Build a Hydraulic Ram Pump

Follow our directions to make an inexpensive but effective hydraulic ram pump.

| May/June 1979

057 hydraulic ram pump - cover photo.jpg

The completed hydraulic ram pump is a simple device.


The search for a "perpetual motion" machine is just about as old as civilization itself. And though we all know that such a gadget probably doesn't exist, there is a piece of equipment that comes pretty close: the hydraulic ram pump.

The water ram (also known as a trompe) has been around for quite a while and was a widely used means of pumping water before electricity became common in rural areas. Strictly speaking, the ram pump doesn't create its own power but draws energy from the force of a moving column of water, usually fed through a pipe from a point more than 18 inches above the trompe.

Although the hydro ram won't operate without a fluid power source, it will work indefinitely when water is present. And, except for an adjustment every few months, the device requires no maintenance whatsoever!

It's a Bargain at 1/10 the Price...

Quality hydraulic rams are available commercially for anywhere from $400 to $800, complete. These are excellent units, designed to last for many years. However, most folks simply don't have that kind of money to spend, so MOTHER EARTH NEWS' research team came up with a pump that delivers the same reliable performance as its store-bought cousins but only costs about $60! Better yet, our version can be put together in less than an hour using off-the-shelf plumbing supplies.

Most of the components of our pump are fabricated from PVC pipe, the same conduit that's used throughout the country in residential and industrial plumbing systems. Polyvinyl chloride is tough, easy to work with, and readily available. The moving parts of the trompe consist of a standard check valve, a steel rod, a spring, and a rubber bathtub stopper.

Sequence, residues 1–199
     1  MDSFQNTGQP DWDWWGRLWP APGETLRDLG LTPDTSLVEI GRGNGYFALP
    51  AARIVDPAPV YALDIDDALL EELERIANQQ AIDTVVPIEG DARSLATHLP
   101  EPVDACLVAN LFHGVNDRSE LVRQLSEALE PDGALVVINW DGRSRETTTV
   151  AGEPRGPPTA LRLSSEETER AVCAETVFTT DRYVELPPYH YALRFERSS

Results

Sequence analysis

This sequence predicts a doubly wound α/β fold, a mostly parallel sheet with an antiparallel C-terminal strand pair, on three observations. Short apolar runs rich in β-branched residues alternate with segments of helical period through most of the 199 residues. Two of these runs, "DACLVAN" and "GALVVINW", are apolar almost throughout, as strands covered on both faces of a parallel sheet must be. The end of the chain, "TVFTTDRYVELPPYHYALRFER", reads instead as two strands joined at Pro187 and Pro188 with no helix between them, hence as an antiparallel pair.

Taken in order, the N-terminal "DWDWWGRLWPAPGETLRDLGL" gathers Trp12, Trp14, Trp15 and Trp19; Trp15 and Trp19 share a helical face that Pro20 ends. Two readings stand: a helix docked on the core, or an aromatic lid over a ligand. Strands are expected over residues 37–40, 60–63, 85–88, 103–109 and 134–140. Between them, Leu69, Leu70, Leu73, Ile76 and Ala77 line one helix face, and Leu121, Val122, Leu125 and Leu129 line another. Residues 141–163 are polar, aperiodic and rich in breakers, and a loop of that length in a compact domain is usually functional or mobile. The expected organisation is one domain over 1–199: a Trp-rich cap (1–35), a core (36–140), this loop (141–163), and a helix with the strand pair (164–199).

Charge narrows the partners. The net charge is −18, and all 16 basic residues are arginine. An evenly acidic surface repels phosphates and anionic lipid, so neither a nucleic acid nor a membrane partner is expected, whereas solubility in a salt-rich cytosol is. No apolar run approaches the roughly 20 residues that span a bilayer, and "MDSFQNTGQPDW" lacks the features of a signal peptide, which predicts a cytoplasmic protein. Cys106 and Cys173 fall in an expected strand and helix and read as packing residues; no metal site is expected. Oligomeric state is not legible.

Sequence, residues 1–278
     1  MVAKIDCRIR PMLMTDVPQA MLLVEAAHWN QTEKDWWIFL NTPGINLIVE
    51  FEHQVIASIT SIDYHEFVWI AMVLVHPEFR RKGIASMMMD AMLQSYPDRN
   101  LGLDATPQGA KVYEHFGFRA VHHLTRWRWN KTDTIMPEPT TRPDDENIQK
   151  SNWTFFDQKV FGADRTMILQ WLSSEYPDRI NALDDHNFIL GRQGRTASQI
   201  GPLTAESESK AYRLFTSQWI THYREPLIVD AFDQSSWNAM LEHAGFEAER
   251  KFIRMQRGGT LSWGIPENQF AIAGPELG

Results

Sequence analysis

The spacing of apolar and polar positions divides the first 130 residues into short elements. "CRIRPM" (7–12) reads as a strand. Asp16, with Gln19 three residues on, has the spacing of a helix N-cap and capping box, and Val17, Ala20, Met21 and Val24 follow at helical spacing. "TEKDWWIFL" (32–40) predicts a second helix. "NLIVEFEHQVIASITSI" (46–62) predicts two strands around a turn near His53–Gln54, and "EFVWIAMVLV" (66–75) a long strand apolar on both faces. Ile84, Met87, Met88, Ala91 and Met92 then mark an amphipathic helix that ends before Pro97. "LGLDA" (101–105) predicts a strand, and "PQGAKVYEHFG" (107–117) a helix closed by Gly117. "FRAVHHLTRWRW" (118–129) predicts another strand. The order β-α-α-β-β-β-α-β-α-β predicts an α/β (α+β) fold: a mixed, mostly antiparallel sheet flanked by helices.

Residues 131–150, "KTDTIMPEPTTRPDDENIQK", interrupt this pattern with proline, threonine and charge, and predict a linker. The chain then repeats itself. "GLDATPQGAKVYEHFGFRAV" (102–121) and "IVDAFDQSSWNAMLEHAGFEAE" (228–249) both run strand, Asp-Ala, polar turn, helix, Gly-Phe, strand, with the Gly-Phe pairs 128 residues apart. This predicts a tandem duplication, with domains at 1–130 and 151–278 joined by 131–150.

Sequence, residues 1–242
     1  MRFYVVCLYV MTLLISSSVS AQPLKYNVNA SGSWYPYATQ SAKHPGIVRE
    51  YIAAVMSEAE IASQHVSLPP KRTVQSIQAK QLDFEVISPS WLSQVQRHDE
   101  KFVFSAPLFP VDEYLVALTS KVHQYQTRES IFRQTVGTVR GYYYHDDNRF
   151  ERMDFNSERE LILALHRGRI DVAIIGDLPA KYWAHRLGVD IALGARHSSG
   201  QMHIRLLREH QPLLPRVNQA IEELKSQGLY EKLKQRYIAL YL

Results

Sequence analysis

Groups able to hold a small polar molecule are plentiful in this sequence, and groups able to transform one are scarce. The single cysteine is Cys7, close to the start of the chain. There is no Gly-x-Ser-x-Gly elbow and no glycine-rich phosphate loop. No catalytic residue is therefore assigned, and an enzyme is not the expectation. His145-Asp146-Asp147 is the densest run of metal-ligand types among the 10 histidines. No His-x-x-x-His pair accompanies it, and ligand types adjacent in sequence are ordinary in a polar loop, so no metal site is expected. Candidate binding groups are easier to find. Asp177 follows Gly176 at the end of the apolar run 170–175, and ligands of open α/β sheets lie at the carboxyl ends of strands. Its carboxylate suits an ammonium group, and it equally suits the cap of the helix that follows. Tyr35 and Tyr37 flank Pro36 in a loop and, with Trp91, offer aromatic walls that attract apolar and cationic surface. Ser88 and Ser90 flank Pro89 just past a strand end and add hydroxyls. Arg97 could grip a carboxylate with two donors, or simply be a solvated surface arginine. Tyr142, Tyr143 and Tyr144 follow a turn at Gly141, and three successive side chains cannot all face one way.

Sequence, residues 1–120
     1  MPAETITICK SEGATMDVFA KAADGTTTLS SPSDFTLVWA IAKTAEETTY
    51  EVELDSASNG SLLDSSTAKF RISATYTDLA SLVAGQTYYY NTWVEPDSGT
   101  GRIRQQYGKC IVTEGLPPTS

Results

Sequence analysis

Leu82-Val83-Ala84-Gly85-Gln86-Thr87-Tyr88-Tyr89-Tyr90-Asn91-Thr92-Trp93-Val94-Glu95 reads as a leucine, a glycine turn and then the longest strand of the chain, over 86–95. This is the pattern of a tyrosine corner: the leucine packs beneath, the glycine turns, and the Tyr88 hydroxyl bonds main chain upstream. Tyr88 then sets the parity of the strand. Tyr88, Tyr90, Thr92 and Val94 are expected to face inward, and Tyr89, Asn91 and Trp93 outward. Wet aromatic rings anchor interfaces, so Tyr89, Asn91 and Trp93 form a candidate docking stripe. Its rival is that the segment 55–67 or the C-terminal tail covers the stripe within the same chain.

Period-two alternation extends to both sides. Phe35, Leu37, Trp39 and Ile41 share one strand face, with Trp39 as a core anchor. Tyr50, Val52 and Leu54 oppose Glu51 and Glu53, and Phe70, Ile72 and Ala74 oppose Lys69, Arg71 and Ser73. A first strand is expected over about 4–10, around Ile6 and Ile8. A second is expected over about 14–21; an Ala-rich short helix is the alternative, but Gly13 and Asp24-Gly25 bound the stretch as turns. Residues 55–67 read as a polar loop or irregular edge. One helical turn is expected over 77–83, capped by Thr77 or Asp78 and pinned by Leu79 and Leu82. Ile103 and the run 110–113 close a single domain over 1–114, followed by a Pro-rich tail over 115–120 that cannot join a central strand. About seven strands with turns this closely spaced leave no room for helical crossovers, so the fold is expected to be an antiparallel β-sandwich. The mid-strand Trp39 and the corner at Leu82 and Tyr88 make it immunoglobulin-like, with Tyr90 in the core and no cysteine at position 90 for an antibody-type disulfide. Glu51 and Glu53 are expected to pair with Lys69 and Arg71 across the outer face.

NOTE: If you wish, you may substitute Schedule 40 black pipe (of comparable dimensions) for the flexible polyethylene used at the drive and delivery ends of the system.

10/21/2014 5:06:14 AM

I have seen other designs that have adjustable versions of the swing check valve. This lets you determine how fast the water must be flowing before the valve activates, and thus how much pressure you build up. Here this element can be slightly adjusted by rotating the pump along it's long axis, changing the force of gravity on the swing check valve.

9/22/2009 3:53:54 PM

Reading articles from time to time about the ram pump and actually getting a working plan is something else. Is there a actual step by step plan in english showing how to build one ?

8/5/2009 2:29:46 PM

Would it be possible to use a ram pump in conjunction with a gravity water system to power a hydro electric system? In other words. If you set up a gravity water system with a ram pump to continually return the water back to the top, could you insert a hydro electric system and use it to create electricity?

8/5/2008 7:35:20 PM

I wouldn't think that a PVC rampump is going to last as long as a well engineered commercial pump, since the pump is constantly exposed to water and gets hammered non-stop it's entire life. Good commercial pumps (eg here in the Waikato) are built out of stainless steel with high-impact polymer valves and can run for years at a time without needing repairs.

3/4/2007 4:46:25 PM

I appreciate and enjoy these articles very much. However.... A very important image is missing from this article. I have the original print article, which includes a view of the assembly in exploded assy format. This is probably the most important part of the article. What's more disappointing is that the exploded assy view is also missing from the archive CD I received as a gift. RIP OFF!

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